As I have been pursuing a dream, I have learned to live my life by following my heart. My pursuit to better the world around me, by making a difference in the lives of others, does not end with me; every individual should strive to do his/her part and no part is ever too small.
As our world approaches a technological height, we should all remember where our spirits lie and the worth of humanity and life. If we do not take the time to recognize our purpose on Earth, we are living with a void in our hearts, because we are lacking love. Love for our surroundings, for fellow human beings, love for life, and most importantly, love for ourselves. I say most importantly because without self-love we cannot give love of any form. As humans beings, there many commonalities that we share regardless of race, ethnicity or color. Therefore, we should all take the time to open our eyes and hearts so that we may begin to love all that our eyes behold. It takes very little time to smile at someone or help someone in need and only when we have fully opened our hearts will we be able to do so with ease, with care and with love.
More often than not, we are distracted by the obstacles in our lives and by our daily routines. We remain stagnant in a solitary place or time and lose sight of our common bond. My dedication to my gift allows me to free my spirit so that others can benefit from the gift of self-expression. The gift I have been given does not belong to me-this language I speak has no dialect to decipher and everyone who comes across my work is free to go within my world and experience life as I do.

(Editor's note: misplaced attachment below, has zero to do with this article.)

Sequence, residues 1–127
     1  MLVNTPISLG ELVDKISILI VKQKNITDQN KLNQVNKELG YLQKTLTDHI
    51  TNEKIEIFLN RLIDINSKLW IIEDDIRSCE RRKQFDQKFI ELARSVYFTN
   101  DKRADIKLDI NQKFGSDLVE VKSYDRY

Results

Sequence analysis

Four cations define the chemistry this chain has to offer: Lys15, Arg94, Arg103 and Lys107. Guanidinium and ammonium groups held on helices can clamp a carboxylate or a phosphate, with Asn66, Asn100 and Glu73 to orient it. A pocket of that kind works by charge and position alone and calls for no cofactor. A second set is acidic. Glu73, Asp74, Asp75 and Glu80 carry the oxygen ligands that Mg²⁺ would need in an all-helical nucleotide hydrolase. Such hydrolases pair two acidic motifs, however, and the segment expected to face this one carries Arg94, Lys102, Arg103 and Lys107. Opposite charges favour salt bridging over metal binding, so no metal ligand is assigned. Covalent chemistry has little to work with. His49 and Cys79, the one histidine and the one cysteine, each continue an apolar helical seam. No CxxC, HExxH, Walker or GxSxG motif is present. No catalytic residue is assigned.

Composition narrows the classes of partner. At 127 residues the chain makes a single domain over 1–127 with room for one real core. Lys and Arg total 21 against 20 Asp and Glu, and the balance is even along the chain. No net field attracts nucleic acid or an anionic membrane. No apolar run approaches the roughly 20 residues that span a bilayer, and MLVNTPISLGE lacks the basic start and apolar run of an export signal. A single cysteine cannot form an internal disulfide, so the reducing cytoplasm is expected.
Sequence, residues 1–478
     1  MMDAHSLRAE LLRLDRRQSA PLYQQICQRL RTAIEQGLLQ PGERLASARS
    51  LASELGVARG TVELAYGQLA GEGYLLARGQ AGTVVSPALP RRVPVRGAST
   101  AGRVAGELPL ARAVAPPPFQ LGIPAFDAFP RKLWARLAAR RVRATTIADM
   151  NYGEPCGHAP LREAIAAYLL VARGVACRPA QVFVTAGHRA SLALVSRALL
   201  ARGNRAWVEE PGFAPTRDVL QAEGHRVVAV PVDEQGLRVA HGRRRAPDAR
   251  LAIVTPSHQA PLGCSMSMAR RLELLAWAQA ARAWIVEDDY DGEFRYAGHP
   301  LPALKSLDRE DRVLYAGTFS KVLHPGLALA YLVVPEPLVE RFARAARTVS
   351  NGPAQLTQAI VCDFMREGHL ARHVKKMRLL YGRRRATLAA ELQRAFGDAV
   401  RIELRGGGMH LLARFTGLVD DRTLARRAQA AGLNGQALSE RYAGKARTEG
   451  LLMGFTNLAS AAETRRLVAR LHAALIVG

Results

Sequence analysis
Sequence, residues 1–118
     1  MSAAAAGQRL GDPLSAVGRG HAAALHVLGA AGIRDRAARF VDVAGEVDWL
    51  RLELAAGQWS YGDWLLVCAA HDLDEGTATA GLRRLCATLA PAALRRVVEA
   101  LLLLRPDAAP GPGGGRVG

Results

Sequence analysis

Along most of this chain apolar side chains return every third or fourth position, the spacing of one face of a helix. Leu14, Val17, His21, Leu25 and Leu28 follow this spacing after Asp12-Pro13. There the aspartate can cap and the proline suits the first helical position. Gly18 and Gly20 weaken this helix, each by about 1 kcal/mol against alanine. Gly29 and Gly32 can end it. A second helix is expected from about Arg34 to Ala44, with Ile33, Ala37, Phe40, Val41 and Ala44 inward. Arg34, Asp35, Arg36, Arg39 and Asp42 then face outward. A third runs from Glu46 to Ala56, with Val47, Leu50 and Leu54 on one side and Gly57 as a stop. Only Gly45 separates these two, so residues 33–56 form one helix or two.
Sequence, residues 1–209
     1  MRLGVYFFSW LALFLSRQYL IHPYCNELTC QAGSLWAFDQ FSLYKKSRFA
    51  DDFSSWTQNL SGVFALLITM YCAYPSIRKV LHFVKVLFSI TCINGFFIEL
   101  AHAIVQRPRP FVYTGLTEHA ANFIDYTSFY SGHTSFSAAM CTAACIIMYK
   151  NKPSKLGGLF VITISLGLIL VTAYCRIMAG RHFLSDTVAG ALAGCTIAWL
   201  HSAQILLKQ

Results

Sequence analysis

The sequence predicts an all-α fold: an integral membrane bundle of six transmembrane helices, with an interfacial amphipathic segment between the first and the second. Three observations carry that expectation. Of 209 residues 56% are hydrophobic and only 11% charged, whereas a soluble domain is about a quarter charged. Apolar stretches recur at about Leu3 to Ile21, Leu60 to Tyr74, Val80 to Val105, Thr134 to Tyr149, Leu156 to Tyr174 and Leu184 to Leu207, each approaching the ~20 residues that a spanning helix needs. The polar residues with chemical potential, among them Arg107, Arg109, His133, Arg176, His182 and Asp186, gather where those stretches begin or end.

The fact that we cannot know which will be our last breath should be a reminder that we should live our lives fully and take the time to enjoy the beauty each day has to offer. There is no time like the present to make a difference and I believe my living example can serve as a reminder that neither time nor age should stand in the way of one’s dreams aspirations, goals, and vision.
In March of 2012 he was fortunate to become executive producer of The NIMBY Experience.
Rays is currently establishing a scholarship for the ARTS. He has partnered up with a film production company starting a Non-for-Profit called “Revitalizing the ARTS for Youth” which will launch in 2014 assisting seniors in high school with scholarships and community outreach program with children of all ages.
It is Ray’s desire to pursue his dreams and share it with the world in hope of inspiring others to follow their own hearts on their way to happiness.
In addition to his artwork, Ray has always incorporated a different art form in his life: music. He was a Disc Jockey in New York scene for 17 years. He has produced music and co-directed an NBA commercial spot that aired in Puerto Rico, as well as produced the musical score for a short film by The Miss Chinese Beauty Pageant Production 2005.
Ray has been donating his art to raise funds for children and human rights organizations such as Heart Share, Path Ways for Youth, Gay Men Association for Blacks, The Oratory Church of St. Bonfire in Brooklyn for the children in Africa, St. Peters Church in Yonkers for the children in Angola, Africa, and for The Hispanic Journalism Association, which auctioned off his artwork at Sotheby's in 2003.
With over 12 years as an established artist, Ray’s vision and artistic style have gained notable attention from politicians, humanitarians, and various organizations. His work has been recognized and honored by former Governor George Pataki; Manhattan Borough President Virginia C. Fields; Bronx Borough President Adolfo Carrion, Jr. at the Bronx Museum; and in October 2005, the Brooklyn Borough President Marty Markowitz honored Ray for his philanthropic work and contributions to the children of Brooklyn.
After attending Pratt Institute, Ray Rosario began designing hand-crafted wall covering for Archetonic, Inc. Within five years, he received several promotions resulting in the management of the company, including the Manhattan showroom located at the Design Center.